Archive for April, 2009

Oral Care is a Big Part of Overall Health!

Friday, April 24th, 2009

oral care

In the long run, not only will maintaining good oral health save you money and unwanted discomfort, but it will help prevent serious diseases. By using your toothbrush frequently, flossing daily, and using antibacterial mouthwash, you will help prevent oral trouble.

As a rule of thumb, it is much easier to prevent problems before they start than restoring your oral health after you begin having problems. Oral health issues can also cause problems in other parts of your body, since there are links between your oral health and your overall health.

As a matter of fact, diabetes and other diseases can get into the blood stream through the mouth. One major disease is oral cancer, and it kills about one-third of those diagnosed. The annual mortality rate of oral cancer is on the rise, and heavy drinking, smoking, and HPV can be associated with the increasing death rate. There are even more deaths yearly from oral cancer than there are from cervical cancer, which is much more discussed in the media.

The president of New Brunswick Dental Society, Dr. Frederic Duke, stated in a news release that there are warning signs that people should know about and have checked out. He said that if a person has a sore that lasts longer than two weeks; a swelling, lump, or growth in or around the mouth or neck; red or white patches in the mouth or on the lips; oral bleeding; or difficulty swallowing/persistent hoarseness, they should have this looked at by a dentist immediately.

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Oral Health Benefits (& Other Benefits) from Strawberries

Thursday, April 23rd, 2009

Not only are strawberries tasty, but they also have many health benefits. Its vitamins and minerals help the physical well being. It even has various oral care benefits; for instance, it strengthens the gums and helps heal bleeding gums. One can also remove tartar from their teeth by rubbing strawberry slices on them. When using strawberries to remove tartar, leave the juice on the teeth as long as possible to dissolve the tartar, and then rinse the mouth with warm water. Strawberries also help prevent oral cancer and can even help whiten teeth.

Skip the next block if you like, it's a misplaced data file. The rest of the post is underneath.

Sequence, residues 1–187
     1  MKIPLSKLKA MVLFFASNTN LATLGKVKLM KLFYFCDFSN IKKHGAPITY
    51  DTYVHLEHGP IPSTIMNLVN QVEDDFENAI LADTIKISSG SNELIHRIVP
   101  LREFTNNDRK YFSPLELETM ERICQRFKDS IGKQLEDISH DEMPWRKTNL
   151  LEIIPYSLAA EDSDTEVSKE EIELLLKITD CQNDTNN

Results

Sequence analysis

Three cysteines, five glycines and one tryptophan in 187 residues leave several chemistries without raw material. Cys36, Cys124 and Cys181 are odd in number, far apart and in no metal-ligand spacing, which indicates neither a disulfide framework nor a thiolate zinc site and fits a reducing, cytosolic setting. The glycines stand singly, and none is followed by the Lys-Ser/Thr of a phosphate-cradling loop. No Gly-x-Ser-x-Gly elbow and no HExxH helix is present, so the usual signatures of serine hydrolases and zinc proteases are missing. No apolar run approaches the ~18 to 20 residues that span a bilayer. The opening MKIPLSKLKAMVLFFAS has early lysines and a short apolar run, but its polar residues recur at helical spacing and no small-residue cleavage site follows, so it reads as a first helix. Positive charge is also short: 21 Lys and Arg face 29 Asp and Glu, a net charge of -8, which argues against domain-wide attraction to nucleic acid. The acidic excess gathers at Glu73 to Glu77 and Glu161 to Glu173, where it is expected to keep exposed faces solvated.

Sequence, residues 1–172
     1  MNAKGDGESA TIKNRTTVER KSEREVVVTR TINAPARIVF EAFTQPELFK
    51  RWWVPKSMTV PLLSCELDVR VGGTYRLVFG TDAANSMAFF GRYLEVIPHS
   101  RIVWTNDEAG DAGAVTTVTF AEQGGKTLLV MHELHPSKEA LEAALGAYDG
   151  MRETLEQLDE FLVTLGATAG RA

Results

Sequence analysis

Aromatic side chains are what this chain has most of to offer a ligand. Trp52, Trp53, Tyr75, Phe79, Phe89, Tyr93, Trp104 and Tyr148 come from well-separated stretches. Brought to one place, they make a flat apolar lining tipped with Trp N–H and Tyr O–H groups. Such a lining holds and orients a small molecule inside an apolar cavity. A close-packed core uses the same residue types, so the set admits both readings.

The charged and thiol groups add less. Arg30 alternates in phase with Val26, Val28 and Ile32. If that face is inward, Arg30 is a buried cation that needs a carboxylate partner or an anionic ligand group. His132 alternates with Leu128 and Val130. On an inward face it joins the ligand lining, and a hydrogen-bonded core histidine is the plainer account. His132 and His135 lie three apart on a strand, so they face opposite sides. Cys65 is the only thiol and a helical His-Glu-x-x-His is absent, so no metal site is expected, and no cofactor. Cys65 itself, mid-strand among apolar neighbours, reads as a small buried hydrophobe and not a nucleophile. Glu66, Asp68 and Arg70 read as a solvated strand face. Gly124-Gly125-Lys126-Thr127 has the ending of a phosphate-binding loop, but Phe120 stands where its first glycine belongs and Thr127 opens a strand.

It is an anti oxidant and prevents chronic conditions such as heart disease. It improves the circulation of oxygen in the blood and body and improves the memory. It is also skin cleansing, a sluggish liver, gout, rheumatism, constipation, high blood pressure, and even syphilis, a sexually transmitted disease.

Nutritive Value : Per 100 gm.

* Vitamin A : 60 I.U.
* Vitamin B : Thiamine .03 mg.;
* Vitamin C : 60 mg.
* Calcium : 28 mg.
* Phosphorus : 27 mg.
* Potassium : 220 mg.
* Carbohydrates : 8.3 gm
* Calories : 37


Identify and Avoid Chronic Bad Breath

Wednesday, April 22nd, 2009

Plugging nose because of bad breath

Chronic bad breath can negatively affect you in social and professional situations.  Unfortunately, we do not always know if we even have bad breath.  So, how do we tell?  Here are a few ways:

1.  If you usually have a white or yellow coating on your tongue, especially on the posterior part (back), this can indicate that you may have the bacteria that causes bad breath.  Try scraping that part of your tongue.

Also, you can lick your wrist, and wait five seconds for it to dry.  Smell the odor on your wrist, and that is what your breath smells like to others.

2.  Often if you have bad tastes inside your mouth, your breath is probably just as bad.

3.  Another way to tell is if people back away from you as you talk.

4.  People offer you mints, breath strips or chewing gum.

5.  Your significant other doesn’t want to kiss you.